PORT OF SAVANNAH CARGO VOLUMES HIT RECORD 5.9 MILLION TEUS IN 2022
The Port of Savannah, billed as the fastest growing container terminal in the U.S., handled a record 5.9 million TEUs in 2022 for an increase of 5% over 2021, the Georgia Ports Authority announced Tuesday. The Port of Savannah last year benefitted from an acceleration of the eastward shift of cargo volumes, due to West Coast port labour negotiations, that has been happening since the expansion of the Panama Canal in 2016
WEST COAST NORTH AMERICA VOLUMES STILL SHRINKING
North America West Coast (NAWC) volumes were stagnant during the usual peak season, then declined from September through November 2022 when compared with 2021 and when annualised and compared with 2019. The annualised figures compared to 2019 show a decline in volume growth from March 2022’s peak of 14.2%. The growth rate dipped into negative territory in July and then again in September, October and November 2022. The shift in container volumes between the North America coasts has been evident for some time and accelerated by extreme congestion on the West Coast during the pandemic. The ongoing threat of labour disruption on the West Cost further incentivises a shift Eastward.
HOW DID THE PORT OF LOS ANGELES GO FROM BOOM TO BUST?
A year ago this week, a record 109 container ships carrying US imports surrounded the twin ports of Los Angeles and Long Beach, California — a bottleneck so long that the payloads of all those metal boxes lined up end-to-end would’ve stretched from the Baja Peninsula to Vancouver. It was like taking 10 lanes of LA freeway traffic and squeezing them into five,” Port of Los Angeles. As of today, the queue is gone. So why did it take most of 2022 to clear the backlog of ocean freight and where are those containers now? The answers reflect the changing economic tide — from a pandemic recovery led by resilient consumers and fully stocked warehouses to a slowdown marked by inflation worries, deep discounting to clear inventories and post-lockdown demand shifting to services, such as travel, from goods. There were labour supply factors, too. Early in the pandemic port workers, like everyone else, were hit by Covid-19 infections and contact tracing. Now, West Coast dockworkers are locked in contract negotiations with shipping companies, creating uncertainty that is diverting imports to the Gulf and East coasts.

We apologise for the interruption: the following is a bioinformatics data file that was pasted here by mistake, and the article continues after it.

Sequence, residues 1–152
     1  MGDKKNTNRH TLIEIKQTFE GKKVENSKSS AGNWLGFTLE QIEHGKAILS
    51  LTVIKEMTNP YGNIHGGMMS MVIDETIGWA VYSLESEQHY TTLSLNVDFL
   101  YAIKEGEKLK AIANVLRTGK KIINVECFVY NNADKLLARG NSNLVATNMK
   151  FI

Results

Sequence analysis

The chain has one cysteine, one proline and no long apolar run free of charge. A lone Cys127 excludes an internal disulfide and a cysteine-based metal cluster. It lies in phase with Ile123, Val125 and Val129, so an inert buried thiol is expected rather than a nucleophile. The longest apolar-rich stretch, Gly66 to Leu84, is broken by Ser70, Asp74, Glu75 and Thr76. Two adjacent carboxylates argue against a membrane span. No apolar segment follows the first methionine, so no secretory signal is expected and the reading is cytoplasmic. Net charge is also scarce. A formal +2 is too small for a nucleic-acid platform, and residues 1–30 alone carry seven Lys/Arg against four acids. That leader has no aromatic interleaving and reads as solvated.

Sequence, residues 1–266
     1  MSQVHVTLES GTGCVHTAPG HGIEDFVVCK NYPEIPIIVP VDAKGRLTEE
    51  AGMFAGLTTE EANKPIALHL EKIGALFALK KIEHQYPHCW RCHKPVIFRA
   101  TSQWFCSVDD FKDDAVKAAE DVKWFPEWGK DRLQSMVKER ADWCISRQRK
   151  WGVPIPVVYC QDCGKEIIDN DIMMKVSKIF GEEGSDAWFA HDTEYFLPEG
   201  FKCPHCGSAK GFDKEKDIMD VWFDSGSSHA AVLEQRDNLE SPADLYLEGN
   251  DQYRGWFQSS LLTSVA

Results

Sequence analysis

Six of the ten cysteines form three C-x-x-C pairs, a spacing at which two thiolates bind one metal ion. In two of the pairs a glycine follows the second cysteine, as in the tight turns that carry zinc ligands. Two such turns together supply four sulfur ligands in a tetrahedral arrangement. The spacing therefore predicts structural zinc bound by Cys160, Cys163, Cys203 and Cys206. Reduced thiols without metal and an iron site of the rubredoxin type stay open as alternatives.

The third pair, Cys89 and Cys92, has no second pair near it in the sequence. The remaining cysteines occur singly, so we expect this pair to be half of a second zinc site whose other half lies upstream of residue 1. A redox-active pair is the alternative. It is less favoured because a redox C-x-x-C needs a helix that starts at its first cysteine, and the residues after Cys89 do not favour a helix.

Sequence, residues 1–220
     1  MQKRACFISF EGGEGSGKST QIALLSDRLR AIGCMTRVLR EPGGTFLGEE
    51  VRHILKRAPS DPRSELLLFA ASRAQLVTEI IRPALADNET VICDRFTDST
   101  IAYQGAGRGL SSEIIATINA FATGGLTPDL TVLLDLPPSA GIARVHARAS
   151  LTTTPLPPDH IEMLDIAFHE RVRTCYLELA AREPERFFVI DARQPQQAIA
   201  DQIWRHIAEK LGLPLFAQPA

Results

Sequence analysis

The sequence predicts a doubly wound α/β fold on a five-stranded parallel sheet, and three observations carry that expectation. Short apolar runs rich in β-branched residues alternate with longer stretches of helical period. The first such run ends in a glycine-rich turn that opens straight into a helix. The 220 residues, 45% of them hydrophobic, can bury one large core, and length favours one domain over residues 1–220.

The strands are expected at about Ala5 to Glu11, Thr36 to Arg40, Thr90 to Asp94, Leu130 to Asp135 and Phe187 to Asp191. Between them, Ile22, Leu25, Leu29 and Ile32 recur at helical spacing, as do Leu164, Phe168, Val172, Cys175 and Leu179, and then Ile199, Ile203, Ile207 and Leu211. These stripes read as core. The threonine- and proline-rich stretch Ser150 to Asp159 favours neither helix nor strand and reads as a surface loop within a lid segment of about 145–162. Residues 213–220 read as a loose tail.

RESHORING U.S. SUPPLY CHAIN WILL BE LIMITED BY COSTS
A mass exodus out of East Asia seems unlikely for US manufacturers in 2023, with any decision to diversify supply chains away from the region dictated by costs, as well as logistics considerations, according to separate reports. Supply chain congestion and port infrastructure will likely limit how much manufacturers can actually change strategy this year. That’s the takeaway from a study by supply-chain data provider project44. Consider the US, which played whack-a-mole with its supply chain issues over the past two years. When Southern California port snarls required White House intervention in 2021, exporters sent their containers to the East Coast in 2022.This led to median container dwell times of 10.39 days for Charleston, and 8.85 days for Savannah, which was the highest among major ports globally, according to project44.Health of the economy will ultimately remain the leading issue on how supply chains pan out this year. A survey of over 2,600 industry professionals by logistics services platform Container Change said that 88% believe that inflation and recessionary fears would be the biggest factor impeding businesses in 2023.Chinese New Year holidays, as well as a build-up of new ships and equipment last year are likely to keep shipping rates low to start the year as supply outweighs demand, all while headwinds buffet the global economy.
HOW BIG ARE THE WORLD’S LARGEST OCEAN CONTAINER SHIPS?
The massive ship has a capacity of 24,004 twenty-foot equivalent units, just a little more than its slightly older sibling, the Ever Ace, launched in July 2021 and the former world record holder at 23,992 TEUs. The Ever A lot is more than 1,300 feet long and 203 feet wide. If you were to stack the Ever A lot vertically, it would be taller than the Empire State Building in New York City.